Introductory Information and Interpretation
The Opening Scene
I. A highly atmospheric scenery
According to the introductory stage direction to this first scene,
the spectator is confronted with a very atmospheric scene as soon as
the curtain opens. The play starts with a silent stand-off between Austin
and his brother Lee. Already their outward appearance – described
in the initial stage direction to the drama – make the audience
conscious of the duality of the brothers. However, this discrepancy
is stressed now by their appearance and behaviour on the stage. Austin
has all the equipment typical of a journalist or writer: "writing
notebook, pen ... , cigarette burning in ashtray, cup of coffee, typewriter
... stacks of paper, ...". Obviously, he is the conformist, and
the one who has made it, whereas his brother Lee seems to be the rebel
or drifter. ...
II. A Scene of Pinteresque Threat
In the course of the ensuing conversation between the two brothers we hear that Austin has agreed to housesit for his mother while she is on vacation in Alaska. Instead of finding peace and quiet for the writing of his manuscript in his mother’s home, he finds himself confronted with Lee who pesters him with questions. Being hunched over and absorbed in his work, Austin at first does not really listen to Lee’s questions, which he answers more or less casually and reluctantly with one or a few words. However, this changes soon, for Shepard succeeds in building up a strong Pinteresque sense of menace. By and by Austin becomes aware that his impolite and rude brother not only disturbs his work and disrupts his peace and solitude, but his presence is very threatening. As Lee becomes increasingly confrontational and aggressive, Austin reacts with barely disguised fear. Though Lee seems to have nothing but contempt for his brother’s way of life it soon dawns on Austin that his brother’s remark: “Kinda’ nice for you, huh? Whole place to yourself" contains a touch of envy. ... He envies his brother’s social and economic position and accuses him of arrogance. ... However, he tries to establish himself not only as equal ("I did a little art myself once") but even as superior to his brother. ... As Austin obviously fears his brother’s aggressive behaviour he tries to appease him by changing the subject. ... And for the first time he turns to his brother with a real question about "the old man", probably their father to whom Lee seems to have closer contact. Hardly has he asked his question than he must realize that instead of calming his brother down, he has increased Lee’s anger: "What d’ya’ want, an award? ... You were down there. He told me all about you." All Austin’s attempts to explain what he did are in vain, for his brother squelches them. Shocked by Lee’s growing hostility it dawns on him that he must get rid of this nagging voice as soon as possible. Therefore he asks cautiously: "You going to be down here very long , Lee?". As Lee gives no definite time for his departure Austin offers him to stay at his mother’s as long as he is there. Again he rouses his brother’s jealousy : "I mean she’s my mother, too, right? ... She might’ve just as easily asked me to take care of her place as you."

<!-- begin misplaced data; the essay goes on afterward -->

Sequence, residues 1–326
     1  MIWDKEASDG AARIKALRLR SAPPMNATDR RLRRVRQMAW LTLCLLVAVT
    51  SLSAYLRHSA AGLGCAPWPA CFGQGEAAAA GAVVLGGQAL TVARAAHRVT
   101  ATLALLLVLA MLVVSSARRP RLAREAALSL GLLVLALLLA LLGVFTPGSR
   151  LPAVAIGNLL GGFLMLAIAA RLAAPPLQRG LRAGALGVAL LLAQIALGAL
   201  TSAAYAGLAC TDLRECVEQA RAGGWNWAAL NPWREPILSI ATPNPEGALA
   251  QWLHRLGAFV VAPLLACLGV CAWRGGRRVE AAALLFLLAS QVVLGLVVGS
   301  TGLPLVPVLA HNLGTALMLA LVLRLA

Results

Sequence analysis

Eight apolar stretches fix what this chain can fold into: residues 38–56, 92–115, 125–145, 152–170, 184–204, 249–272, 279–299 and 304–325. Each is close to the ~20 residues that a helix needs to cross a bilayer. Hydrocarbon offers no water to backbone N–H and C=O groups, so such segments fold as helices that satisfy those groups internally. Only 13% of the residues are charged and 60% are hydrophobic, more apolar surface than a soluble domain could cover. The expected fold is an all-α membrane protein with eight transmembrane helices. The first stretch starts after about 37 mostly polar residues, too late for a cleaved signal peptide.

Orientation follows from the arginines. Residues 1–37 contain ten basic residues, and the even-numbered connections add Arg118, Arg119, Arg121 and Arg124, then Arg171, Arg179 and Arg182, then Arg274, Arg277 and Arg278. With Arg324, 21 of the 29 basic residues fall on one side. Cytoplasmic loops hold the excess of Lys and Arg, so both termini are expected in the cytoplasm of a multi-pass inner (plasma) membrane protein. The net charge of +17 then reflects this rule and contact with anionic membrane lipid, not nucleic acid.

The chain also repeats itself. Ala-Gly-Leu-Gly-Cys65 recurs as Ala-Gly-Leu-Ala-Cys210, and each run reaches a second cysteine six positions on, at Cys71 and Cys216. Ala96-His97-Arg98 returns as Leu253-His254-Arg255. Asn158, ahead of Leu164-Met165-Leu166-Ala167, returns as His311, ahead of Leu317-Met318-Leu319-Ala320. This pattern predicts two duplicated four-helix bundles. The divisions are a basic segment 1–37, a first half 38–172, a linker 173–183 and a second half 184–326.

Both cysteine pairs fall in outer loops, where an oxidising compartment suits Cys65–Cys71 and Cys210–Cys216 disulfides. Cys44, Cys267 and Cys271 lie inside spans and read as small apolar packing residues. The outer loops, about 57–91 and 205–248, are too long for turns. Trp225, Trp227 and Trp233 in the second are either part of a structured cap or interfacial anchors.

Sam Shepard , True West, Teacher's Manual
2. What role does "the old man" play? ...
3. What do we get to know about the two brothers? ...
II. The Atmosphere
1. Describe the atmosphere as depicted in the stage direction (11/1-7) ...
2. Show how the dialogue between the brothers contributes to the
creation of a Pinteresque atmosphere of menace.
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